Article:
Opening Reception May 7 from 4-7PM
On display through May 29
Emerging: A Mix of Local & Promising Talent by Daytona State College Studio Arts Students. The students included in this exhibition are either seeking an art degree or taking DSC courses as an elective to enhance their skills and knowledge in the fine arts. These promising and talented students are displaying their growing levels of skills and creativity in this show, Emerging.
Opening Reception Saturday, April 2, 4-7pm
Artist Talk at 6pm
On display through May 1
We all understand that the color blue is considered calming. Reds, oranges and yellows evoke stimulating responses. It’s also scientifically accepted that the arts have a therapeutic effect. Dr. Enzo Trapani, renowned artist and neurologist, has taken these basic concepts much further. Many years of research in psychology, medicine, nutrition, quantum physics and spirituality has led him to establish what he calls “Enzology.” Trapani’s exhibition will show and explain how color, art and the environment combine to both promote and restore physical and mental health.
Florida Impressions by Dennis Childs
Opening March 5, 4-7pm
Artist’s Talk 6pm
Exhibition through March 27
Impressionism was born in France in the 1860s. The movement grew tired of academic teaching’s emphasis on depicting subject matter with literary overtones. Until then, paintings were done in the studio from field sketches. The impressionists instead chose to downgrade the subject matter and shift attention to the artist’s manipulation of color, light, tone and texture. Painting shifted to en plein aire, where the artist dispassionately painted the colors they saw at a moment in natural light.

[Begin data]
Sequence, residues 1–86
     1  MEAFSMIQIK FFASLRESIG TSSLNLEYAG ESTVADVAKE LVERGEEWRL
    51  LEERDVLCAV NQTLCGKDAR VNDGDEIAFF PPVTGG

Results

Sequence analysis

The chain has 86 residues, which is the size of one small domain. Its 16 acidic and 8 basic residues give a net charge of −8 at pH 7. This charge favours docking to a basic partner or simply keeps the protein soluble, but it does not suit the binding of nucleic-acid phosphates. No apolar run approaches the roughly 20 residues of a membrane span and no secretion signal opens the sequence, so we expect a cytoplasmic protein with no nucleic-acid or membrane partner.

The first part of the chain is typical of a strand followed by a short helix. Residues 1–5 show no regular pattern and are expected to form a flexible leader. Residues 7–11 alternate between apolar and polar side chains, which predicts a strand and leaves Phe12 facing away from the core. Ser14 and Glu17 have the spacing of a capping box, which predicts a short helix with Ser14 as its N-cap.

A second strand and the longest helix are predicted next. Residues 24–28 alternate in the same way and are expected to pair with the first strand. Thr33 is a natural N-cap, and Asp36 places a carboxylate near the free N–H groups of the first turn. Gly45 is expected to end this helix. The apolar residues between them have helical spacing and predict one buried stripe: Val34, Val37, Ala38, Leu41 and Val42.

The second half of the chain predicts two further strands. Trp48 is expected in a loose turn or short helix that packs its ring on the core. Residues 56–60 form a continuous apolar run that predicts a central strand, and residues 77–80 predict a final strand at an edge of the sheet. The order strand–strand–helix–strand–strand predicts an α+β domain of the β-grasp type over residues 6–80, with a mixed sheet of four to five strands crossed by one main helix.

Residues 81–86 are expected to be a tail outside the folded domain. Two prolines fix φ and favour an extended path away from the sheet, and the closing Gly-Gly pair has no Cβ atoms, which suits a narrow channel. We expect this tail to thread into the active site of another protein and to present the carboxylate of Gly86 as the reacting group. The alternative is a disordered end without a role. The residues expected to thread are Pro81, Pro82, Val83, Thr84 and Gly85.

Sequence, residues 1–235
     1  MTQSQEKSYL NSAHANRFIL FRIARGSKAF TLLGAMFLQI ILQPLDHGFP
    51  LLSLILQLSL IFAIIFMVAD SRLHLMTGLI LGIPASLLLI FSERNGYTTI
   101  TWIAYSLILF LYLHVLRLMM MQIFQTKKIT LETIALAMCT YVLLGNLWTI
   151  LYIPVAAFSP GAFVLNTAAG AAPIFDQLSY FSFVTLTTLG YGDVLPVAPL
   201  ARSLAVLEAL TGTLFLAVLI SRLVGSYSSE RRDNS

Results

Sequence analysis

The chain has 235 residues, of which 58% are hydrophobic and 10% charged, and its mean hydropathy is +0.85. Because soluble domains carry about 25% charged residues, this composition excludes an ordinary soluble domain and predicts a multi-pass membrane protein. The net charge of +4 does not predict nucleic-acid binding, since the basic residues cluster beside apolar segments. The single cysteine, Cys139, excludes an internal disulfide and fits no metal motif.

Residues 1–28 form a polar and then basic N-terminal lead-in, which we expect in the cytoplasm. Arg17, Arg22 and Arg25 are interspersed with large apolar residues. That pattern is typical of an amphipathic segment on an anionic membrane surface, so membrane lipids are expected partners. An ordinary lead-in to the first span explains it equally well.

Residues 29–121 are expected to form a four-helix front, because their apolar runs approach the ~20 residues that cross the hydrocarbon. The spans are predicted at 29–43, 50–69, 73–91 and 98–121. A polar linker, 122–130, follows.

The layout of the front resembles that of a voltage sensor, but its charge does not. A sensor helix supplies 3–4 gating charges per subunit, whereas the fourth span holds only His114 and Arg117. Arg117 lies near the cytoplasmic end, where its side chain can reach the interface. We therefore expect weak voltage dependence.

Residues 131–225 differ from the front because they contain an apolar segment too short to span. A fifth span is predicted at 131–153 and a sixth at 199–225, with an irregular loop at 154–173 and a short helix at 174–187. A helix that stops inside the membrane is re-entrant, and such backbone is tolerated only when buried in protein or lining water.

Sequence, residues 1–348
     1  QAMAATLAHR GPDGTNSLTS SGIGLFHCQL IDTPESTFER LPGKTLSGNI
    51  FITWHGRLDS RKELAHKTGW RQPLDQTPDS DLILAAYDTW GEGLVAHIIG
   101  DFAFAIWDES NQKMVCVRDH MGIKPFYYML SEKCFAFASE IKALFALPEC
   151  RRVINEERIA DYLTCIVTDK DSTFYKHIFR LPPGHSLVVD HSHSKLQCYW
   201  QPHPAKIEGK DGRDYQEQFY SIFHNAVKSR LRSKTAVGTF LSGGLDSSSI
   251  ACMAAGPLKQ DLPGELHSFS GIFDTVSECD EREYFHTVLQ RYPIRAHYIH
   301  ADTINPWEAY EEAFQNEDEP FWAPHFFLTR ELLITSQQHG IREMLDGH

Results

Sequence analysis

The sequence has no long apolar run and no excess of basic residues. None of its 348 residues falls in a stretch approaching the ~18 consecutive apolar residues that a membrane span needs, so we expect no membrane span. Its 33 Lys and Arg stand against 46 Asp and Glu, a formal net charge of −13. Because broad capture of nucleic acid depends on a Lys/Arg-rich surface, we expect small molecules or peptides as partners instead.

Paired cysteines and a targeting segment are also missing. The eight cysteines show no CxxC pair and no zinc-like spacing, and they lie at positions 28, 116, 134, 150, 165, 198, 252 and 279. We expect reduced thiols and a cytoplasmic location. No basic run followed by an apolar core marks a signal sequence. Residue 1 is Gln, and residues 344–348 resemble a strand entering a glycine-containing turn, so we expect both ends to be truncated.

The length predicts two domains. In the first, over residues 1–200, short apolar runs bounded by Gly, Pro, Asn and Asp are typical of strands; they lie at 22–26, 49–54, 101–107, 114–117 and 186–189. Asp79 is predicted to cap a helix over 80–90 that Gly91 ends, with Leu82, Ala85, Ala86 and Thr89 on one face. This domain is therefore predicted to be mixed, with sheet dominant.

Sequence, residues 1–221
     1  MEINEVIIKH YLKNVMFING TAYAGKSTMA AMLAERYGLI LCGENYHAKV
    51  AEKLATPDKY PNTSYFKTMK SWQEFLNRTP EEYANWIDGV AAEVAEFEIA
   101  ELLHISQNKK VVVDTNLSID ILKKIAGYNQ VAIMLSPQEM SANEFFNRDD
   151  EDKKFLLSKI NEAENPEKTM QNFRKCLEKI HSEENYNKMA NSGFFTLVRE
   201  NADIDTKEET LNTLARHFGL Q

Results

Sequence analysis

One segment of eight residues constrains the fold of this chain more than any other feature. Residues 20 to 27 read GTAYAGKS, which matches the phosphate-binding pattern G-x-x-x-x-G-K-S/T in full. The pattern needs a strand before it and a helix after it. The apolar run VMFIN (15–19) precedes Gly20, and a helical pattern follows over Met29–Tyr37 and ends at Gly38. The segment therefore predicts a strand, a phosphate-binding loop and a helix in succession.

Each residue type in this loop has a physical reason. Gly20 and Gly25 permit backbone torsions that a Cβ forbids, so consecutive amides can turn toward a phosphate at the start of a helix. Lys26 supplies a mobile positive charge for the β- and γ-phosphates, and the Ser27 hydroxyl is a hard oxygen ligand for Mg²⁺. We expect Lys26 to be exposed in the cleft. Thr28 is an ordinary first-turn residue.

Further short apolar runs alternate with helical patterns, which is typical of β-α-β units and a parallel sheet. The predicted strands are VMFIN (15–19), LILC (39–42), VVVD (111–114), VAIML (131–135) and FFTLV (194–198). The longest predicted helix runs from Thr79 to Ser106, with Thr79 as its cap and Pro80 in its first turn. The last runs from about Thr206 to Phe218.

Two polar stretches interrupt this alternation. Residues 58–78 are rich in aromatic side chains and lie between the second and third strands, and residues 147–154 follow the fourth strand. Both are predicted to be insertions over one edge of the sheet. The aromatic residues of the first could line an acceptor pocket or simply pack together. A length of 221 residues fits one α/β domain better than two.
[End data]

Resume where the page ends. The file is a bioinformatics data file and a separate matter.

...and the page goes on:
Dennis Childs brings the impressionist style to Florida landscapes and other outdoor scenes.
“I want to use a big brush.”
“Can you stop making sounds?”
“Miss Denise, I don’t get this.”
“What are blue and yellow”
“Van Gogh is my favorite artist.”
“Can I keep this? It looks so good already.”
“Miss Denise, I really don’t get this.”
“Look at you with those earrings.”
“Oh, I get it now!”
And an entire room erupting in giggles at the sound of the last bit of paint being squeezed from a bottle. “Ohhhhh, that’s a f*%t!” (I just can’t type it; that’s another “f” word that hurts this Southern woman’s ears.)
These are just a few of the excited remarks I heard coming from Room 17 at The Hub on Canal on two different Mondays and from two different age groups.
Betty Turco is soon retiring from The Hub after a long and experience-filled career and life in service of the arts.
I first met Betty Turco while going through volunteer training at The Hub on Canal. While quite friendly, there was no idle chit-chat; we received our volunteer handbooks and went through them quickly, but thoroughly. In the years since, I have passed Betty frequently and it seems she is almost always on a mission. Trying to get a time to sit down and chat with her about herself makes me hum that ‘60’s song, “Elusive Butterfly” to myself.
I have a funny story to tell you.